Scott Bros. has agreed a new research partnership with Teesside University to discover new and innovative uses for discarded plastics.

The Stockton-based waste and recycling experts are hoping academics can find a commercial use for a wider range of plastics which are difficult to reuse.

One of the possibilities to be investigated is whether the plastics, which can end up in landfill, may instead be used in the manufacture of construction materials, including concrete.

The family-run firm is already working with experts from the University’s School of Computing, Engineering and Digital Technologies to find a use for a clay-based ‘filter cake’ produced by its £1m wash plant.

The ‘urban quarry’ processes construction and excavation waste to produce high quality sand and aggregates for use in the building and construction industry.

However, 30 per cent of every 20 tonnes processed by the plant is filter cake, which can currently only be used as pond lining clay or inert fill.

The research, due to conclude next summer, is looking to create a method of binding the material together to produce a commercial cementitious product for use in the manufacture of bricks and floor screeds.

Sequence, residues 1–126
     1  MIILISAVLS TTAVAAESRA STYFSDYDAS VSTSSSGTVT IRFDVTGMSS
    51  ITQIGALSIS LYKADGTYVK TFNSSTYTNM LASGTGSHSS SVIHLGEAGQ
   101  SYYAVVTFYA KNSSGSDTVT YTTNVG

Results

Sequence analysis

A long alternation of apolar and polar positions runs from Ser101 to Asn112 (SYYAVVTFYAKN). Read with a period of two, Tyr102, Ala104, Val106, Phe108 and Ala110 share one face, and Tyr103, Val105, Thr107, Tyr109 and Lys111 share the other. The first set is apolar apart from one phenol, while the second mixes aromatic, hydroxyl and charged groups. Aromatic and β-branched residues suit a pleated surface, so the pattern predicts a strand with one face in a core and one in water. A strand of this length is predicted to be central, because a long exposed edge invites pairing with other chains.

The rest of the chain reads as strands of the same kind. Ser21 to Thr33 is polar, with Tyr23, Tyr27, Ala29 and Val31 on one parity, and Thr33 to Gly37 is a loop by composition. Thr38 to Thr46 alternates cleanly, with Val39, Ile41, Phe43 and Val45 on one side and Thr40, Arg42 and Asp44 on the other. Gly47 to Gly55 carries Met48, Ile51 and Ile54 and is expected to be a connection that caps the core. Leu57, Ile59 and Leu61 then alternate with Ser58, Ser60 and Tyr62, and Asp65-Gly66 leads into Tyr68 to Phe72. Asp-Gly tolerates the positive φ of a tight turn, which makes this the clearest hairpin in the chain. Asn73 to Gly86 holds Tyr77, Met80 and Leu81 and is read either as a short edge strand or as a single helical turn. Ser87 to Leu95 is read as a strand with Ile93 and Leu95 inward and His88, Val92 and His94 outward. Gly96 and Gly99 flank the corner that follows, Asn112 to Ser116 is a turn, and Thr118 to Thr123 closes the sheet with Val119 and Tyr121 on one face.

Both projects undertaken by the University are part-funded – the plastics project by the European Regional Development Fund and the filter cake project by Innovate UK – part of programmes designed to help business innovate through academic support.

Bob Borthwick, a Director of Scott Bros, said: “We hope that the research project into plastics will match the encouraging progress which is being made in the filter cake project.

“As a recycling company, we are passionate about maximising the efficiency of resources as part of a growing momentum towards achieving a circular economy.

“The issue of plastic waste is of major public concern and Scott Bros, in partnership with the University, is taking practical action to uncover a commercial use for plastics which will benefit both the environment and the economy.

“We want to extend the range and volume of plastics that are recycled by discovering a value in the material which will prevent it from simply being thrown away.”

Teesside University student Deeshani Wijesekara has been assigned to work alongside Scott Bros. and they are also receiving academic support from Dr Paul Sargent, Senior Lecturer in Civil Engineering.

Dr Sargent said: “We are working collaboratively with Scott Bros. on a number of projects and are pleased to be able to use our joint expertise and experience to investigate new ways of improving our circular economy.

“Post-consumer plastic waste is a huge environmental issue which urgently needs to be addressed. If we are able to identify alternative uses for discarded plastics, this will have considerable impact, in terms of saving the environment from future unnecessary environmental pollution and economically by adding value to high-volume global waste stream.”